Many of the same challenges ascribed to CCM programs also apply to TCM services. That once again means that, for numerous providers, the cost of establishing these programs is prohibitive. That is disappointing, because not only is this a missed revenue opportunity, but these programs by their very nature have the potential to dramatically improve care outcomes, enhancing patients’ quality of life and keeping them out of the hospital for longer stretches of time.
Thankfully, a potential solution exists.
The best way to initiate a CCM or TCM program without saddling your current staff with too much work or your facility with too much debt is to enlist the help of an organization that already has the resources in place to implement a CCM or TCM program.
There are outside parties that actually work as an extension of your own staff to establish an effective program enabling institutions to achieve revenue on the established CPT codes, and that means patients benefit as well. These programs, led by licensed and certified medical personnel not only have the credentials, but also the technology support to provide and scale CCM or TCM services on your behalf.
Here are a few of the benefits of implementing a CCM and/or TCM program using outside assistance:
- Clinical Experience – Clinical staff, including CNAs, LPs and RNs, are the ones leading the care management services, which means healthcare entities benefit from communication with other healthcare professionals, and patients get to interact with persons who understand their needs.
- Quality Time– For CCM, 20 minutes per month is required in order to qualify for reimbursement, and having an external resource dedicated to tracking this time with each patient ensures record keeping is up to date and patients receive the attention they need, even if a patient needs more attention than the requisite 20 minutes per month.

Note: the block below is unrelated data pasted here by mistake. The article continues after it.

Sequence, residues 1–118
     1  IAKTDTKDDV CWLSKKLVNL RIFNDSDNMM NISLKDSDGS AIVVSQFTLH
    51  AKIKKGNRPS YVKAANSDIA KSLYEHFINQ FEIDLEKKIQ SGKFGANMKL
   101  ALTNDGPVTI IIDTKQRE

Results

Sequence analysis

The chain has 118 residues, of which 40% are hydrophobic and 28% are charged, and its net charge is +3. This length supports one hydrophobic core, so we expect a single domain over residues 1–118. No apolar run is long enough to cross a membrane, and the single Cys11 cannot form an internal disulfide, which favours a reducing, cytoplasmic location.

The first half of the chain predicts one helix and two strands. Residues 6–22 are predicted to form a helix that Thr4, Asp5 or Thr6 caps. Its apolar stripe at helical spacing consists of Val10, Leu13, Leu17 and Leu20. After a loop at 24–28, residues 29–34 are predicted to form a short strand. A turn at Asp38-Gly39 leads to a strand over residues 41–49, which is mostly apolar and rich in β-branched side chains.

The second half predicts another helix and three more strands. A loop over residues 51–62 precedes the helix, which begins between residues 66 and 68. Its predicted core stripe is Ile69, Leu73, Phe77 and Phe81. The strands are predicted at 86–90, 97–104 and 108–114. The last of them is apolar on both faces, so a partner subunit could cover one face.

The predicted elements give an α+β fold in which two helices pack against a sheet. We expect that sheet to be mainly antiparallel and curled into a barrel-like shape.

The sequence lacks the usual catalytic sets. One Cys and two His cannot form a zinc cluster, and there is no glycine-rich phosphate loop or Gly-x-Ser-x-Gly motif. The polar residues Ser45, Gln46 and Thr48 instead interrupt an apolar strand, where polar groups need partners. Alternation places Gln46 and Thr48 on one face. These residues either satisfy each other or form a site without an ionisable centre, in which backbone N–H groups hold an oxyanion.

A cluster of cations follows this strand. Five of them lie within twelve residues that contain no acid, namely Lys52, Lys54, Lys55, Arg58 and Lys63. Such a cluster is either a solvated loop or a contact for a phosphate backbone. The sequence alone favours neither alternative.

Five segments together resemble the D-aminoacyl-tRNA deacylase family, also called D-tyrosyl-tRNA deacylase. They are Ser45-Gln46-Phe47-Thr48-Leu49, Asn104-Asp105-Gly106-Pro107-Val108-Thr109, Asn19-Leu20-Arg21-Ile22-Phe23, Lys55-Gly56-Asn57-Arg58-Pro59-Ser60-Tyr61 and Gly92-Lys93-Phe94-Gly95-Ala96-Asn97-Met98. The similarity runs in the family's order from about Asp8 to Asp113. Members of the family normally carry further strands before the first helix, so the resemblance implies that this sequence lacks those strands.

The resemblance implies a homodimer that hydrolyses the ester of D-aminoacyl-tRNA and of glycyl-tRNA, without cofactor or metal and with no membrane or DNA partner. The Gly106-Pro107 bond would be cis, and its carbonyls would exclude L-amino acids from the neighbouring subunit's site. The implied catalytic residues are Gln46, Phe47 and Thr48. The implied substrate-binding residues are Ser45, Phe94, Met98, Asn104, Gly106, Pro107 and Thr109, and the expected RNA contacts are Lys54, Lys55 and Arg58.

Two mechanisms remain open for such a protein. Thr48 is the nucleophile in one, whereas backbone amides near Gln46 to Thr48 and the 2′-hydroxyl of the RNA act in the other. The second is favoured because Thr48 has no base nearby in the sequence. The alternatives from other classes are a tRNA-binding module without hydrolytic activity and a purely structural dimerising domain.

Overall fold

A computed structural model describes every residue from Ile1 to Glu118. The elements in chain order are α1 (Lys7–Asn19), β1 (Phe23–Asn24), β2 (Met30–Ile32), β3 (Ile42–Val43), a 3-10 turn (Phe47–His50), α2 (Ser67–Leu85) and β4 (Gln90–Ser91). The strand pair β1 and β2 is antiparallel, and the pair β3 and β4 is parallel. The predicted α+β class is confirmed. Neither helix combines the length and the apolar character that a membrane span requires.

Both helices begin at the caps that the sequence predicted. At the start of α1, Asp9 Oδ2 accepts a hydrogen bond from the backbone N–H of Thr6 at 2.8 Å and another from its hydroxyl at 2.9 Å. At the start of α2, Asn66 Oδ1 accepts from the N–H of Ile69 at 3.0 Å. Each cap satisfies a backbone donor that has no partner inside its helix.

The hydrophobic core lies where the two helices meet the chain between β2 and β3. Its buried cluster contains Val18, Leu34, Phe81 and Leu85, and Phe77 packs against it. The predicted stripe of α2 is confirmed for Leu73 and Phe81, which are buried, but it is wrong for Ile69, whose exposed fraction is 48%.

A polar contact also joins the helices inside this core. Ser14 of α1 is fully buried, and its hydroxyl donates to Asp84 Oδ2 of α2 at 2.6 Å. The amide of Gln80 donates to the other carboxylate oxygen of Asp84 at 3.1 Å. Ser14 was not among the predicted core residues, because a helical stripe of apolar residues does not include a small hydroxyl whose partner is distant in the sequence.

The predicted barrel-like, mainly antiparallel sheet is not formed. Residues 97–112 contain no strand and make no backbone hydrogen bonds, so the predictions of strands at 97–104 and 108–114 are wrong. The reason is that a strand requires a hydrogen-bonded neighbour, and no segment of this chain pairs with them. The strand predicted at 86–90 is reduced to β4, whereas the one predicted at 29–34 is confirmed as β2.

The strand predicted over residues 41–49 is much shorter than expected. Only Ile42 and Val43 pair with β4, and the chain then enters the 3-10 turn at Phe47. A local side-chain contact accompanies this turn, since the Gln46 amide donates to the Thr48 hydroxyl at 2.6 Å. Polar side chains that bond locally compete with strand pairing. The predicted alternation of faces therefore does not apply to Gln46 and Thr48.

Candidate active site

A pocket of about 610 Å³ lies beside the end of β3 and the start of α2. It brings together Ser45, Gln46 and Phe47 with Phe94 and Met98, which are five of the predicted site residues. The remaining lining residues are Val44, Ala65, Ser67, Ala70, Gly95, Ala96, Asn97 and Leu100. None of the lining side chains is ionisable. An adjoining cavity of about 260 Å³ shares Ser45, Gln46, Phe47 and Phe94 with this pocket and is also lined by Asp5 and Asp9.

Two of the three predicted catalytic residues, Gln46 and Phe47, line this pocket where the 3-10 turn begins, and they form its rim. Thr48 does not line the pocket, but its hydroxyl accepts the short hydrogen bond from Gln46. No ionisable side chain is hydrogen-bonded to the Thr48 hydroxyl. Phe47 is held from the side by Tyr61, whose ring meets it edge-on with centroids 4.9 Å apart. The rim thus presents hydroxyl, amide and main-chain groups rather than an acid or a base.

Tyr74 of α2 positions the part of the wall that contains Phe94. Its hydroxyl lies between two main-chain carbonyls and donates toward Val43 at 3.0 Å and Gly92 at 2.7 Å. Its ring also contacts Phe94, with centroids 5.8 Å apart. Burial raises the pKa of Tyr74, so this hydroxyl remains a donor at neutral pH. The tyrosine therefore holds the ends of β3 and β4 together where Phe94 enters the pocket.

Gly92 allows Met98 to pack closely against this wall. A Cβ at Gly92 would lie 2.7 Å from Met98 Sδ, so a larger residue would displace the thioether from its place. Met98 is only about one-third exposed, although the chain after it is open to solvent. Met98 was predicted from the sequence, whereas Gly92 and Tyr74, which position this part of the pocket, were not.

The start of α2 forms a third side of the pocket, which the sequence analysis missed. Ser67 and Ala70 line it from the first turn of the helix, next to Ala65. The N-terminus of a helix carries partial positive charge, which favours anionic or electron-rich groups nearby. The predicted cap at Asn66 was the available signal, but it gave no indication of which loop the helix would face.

- Interaction – In order to meet the non-face-to-face services threshold of TCM services, the team will reach out within the allotted time frame to connect the patient with educational materials, community resources and various other check-ins that can improve their wellbeing.
- Live and In Person – Because TCM also has an in-person component, the patient will have their face-to-face visit with their physician or care team leader scheduled at a time most convenient for staff and for the patient.
- Seamlessness – Because each patient gets a dedicated case manager or care team, they’ll never feel like they’re being passed off to a completely different institution. For all intents and purposes, the care and transitional management they receive will be an extension of your own services, and the patient won’t even notice the difference.
- Your Approval – Nothing is done without consent from the patient’s physician and care team, and all information and concerns about the patient will be relayed at once, particularly should the need for an intervention arise.
- Billing – The hurdles of properly going through the necessary billing procedures are high, so the team also helps the provider set up a billing system and keeps all records available to ensure consistent approval of services.
The Future of Managed Care
99490. 99495. 99496.
Those codes represent a valid, low-risk, high-reward revenue opportunity for physicians in clinics of any size as well as a chance for providing even better care for patients. If you have additional questions about how CCM and TCM can be brought online at your practice or clinic, please feel free to reach out.